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" It is New Year in Bulawayo, and anybody who is anybody is out celebrating. Hatchings, with an introduction by Khombe Mangwanda, was chosen by Professor Anthony Chennells in the Times Literary Supplement as his choice for the most significant book to have come out of Africa. ""The story is simple. In a sentence it can be described as a love story centered on a young couple who discover the true power of love amid the social, economic and moral decay that threatens to swallow their love and everything else. But to say Hatchings is merely a love story would be criminal. It is more than that. Hatchings is a story about Bulawayo, about Zimbabwe, about corruption and cultural decay. In Hatchings John Eppel spares no one. With his sharp and yet witty pen he exposes corruption and pokes fun at those that are abusing power and this means literally everyone. Rich, poor, white, black , Indian, foreigner or local."" - Raisedon Baya, Sunday News, Zimbabwe"



Publié par
Date de parution 15 août 2006
Nombre de lectures 0
EAN13 9780797443372
Langue English
Poids de l'ouvrage 2 Mo

Informations légales : prix de location à la page 0,0057€. Cette information est donnée uniquement à titre indicatif conformément à la législation en vigueur.


For Sabine
John Eppel lives in Bulawayo, where he teaches English at Christian Brothers College. He was awarded the Ingrid Jonker Prize for his first poetry collection,Spoils of War, and the MNet Prize for his first novel,D G G Berry’s The Great North Road.
Spoils of War, Carrefour (1989) D G G Berry’s The Great North Road, Carrefour/Hippogriff (1989) Hatchings, Carrefour (1993) The Giraffe Man, Queillerie (1994) Sonata for Matabeleland, Snailpress/Baobab Books (1995) Selected Poems 1965-1995, Childline (2001) The Holy Innocents, ’amaBooks (2002) The Caruso of Colleen Bawn and Other Short Writings, ’amaBooks (2004) Songs My Country Taught Me, Weaver Press (2005)
Khombe Marcel Mangwanda holds an MEd from the University of Manchester as well as an MA and a DLitt from the University of Pretoria. He is currently a Senior Lecturer in the Department of English at the University of South Africa.
John Eppel
with an introduction by Khombe Mangwanda
ISBN 0797430393
John Eppel 2006
Published by ’amaBooks P.O. Box AC1066, Ascot, Bulawayo email: amabooks@gator.co.zw www.amabooksbyo.com
Typeset by ’amaBooks Printed by Automation Business Forms, Bulawayo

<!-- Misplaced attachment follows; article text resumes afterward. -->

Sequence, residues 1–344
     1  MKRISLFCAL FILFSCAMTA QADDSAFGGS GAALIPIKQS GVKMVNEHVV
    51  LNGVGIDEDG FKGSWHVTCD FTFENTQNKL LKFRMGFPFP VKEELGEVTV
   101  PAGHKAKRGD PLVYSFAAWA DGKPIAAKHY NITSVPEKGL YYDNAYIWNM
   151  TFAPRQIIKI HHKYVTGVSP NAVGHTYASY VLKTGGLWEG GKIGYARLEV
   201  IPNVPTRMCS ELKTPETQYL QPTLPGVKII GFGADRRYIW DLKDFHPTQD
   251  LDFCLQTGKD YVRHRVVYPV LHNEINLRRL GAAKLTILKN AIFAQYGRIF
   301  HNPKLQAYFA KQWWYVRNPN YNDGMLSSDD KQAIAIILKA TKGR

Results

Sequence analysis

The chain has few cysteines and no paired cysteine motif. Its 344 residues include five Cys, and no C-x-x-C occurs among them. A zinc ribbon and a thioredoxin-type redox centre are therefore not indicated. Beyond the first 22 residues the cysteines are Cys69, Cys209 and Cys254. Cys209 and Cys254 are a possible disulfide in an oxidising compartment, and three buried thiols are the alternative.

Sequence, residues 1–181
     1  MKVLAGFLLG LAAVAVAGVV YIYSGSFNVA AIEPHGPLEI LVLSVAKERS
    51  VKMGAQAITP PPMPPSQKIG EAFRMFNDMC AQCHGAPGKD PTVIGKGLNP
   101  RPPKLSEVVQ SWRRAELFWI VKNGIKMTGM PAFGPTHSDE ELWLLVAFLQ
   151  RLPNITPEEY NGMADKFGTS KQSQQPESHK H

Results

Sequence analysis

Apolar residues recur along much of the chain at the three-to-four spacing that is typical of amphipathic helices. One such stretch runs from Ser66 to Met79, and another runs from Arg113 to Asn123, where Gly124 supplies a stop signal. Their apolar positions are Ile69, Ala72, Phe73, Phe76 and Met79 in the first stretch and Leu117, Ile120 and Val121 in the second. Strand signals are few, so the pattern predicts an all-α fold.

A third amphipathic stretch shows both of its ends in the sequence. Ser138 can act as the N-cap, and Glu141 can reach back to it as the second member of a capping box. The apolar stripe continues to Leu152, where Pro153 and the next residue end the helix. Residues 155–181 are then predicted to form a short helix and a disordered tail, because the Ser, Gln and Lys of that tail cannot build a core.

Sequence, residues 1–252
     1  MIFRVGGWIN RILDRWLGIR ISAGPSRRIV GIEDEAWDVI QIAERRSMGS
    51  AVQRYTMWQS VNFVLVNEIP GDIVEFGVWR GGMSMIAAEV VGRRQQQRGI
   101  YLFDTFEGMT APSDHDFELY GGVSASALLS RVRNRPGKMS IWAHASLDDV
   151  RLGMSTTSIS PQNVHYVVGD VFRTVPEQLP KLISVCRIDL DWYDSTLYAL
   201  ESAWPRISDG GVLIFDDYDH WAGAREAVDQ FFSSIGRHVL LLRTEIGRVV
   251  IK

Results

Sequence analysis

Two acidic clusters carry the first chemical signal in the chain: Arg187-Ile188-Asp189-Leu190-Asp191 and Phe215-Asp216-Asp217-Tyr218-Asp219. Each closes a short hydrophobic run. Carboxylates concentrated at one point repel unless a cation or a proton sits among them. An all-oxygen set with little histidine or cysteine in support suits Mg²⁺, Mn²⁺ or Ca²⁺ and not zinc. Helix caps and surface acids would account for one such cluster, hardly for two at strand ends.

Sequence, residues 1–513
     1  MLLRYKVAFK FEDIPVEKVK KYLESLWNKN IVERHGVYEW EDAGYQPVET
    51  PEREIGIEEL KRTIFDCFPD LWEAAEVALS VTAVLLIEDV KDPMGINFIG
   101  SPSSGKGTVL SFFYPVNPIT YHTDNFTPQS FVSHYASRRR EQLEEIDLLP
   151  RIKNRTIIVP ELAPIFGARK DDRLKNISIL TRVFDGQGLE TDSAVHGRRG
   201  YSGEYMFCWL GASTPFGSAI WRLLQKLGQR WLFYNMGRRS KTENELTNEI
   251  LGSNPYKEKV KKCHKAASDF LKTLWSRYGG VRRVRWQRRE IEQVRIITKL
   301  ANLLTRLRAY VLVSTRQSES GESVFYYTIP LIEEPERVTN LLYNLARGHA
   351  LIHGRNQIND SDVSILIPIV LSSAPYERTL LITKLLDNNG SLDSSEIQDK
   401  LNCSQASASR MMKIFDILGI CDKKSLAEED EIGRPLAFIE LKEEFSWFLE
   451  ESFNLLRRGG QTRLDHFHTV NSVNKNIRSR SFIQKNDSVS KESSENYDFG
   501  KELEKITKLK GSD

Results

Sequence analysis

First published in 1993 by Carrefour Press, Cape Town
Cover painting by Anne Simone Hutton
No part of this publication may be reproduced, stored in a retrieval system, or transmitted in any form or by any means, electronic, mechanical, photocopying, recording or otherwise, without the prior permission of the publisher.
The characters and institutions in this novel are fictitious. Any resemblance to persons living or dead and institutions active or defunct is purely coincidental.
In John Eppel’sHatchings,gone is the narrative of the Rhodesian nation of Eppel’s first novelThe Great North Road.Gone too is the distance that separated white ‘Rhodies’ from the ‘natives’. More representative of the nation, the characters in this novel are from all races and walks of life. Hatchingsis also different fromThe Great North Roadin that Eppel presents to the reader a community divided along ethical lines, and occupying spaces that, for convenience, are referred to here as positive space and negative space. Consistent with this cleavage between good and evil, Zimbabwe is presented as functioning both as a site of regeneration and as a den of crime. InHatchings,the positive or ‘sacred’ space is associated with the Matopos National Park, with the children, the novel’s heroine Elizabeth Fawkes, and with the Asil Khan egg. Appropriating ennobling mythic properties, these elements conjoin to create a timeless, classic space, the panoramic dimension of which serves to oust the narrowly historicized spatial ‘scenery’ ofThe Great North Road.Indeed, the connection of positive space and the Matopos is established early in the narrative of Hatchings,which appropriately unfolds with the Fawkes family on a campsite in the Matopos National Park. Presented as a place of extraordinary natural beauty, the Matopos National Park offers scenery that is experienced by the Fawkes family, and especially by Elizabeth, as refreshing both physically and psychologically, not least because of its mythic tradition. It is significant that Eppel should set two major episodes of his novel at this locale. Indeed, the Matopos is the scene for both the negotiation on New Year’s Day between Elizabeth Fawkes and her father for the hatching of the Asil Khan egg, and the site for the actual hatching of the egg. Thus, part of Eppel’s strategy is to appropriate the holiness, the regenerative creativity and the fertility associated with this place and to impart it to the character of Elizabeth in her role of ‘hatcher’ of a new nationbuilding ethos. The inscription of the Matopos as a symbol of regeneration is also achieved by reference to the water motif. The contrast between the Matopos and the rest of the country is figured in terms of the contrast between a place where water is available and where it is not. Repeatedly in the novel the importance of water in an otherwise droughtstricken country is emphasized. Just as Eppel’s novel offers a dual representation of Zimbabwe so, too, it allegorizes water in a dual function: as a symbol of the rebirth of the new nation, but equally as a symbol of corruption. This duality in the symbolism
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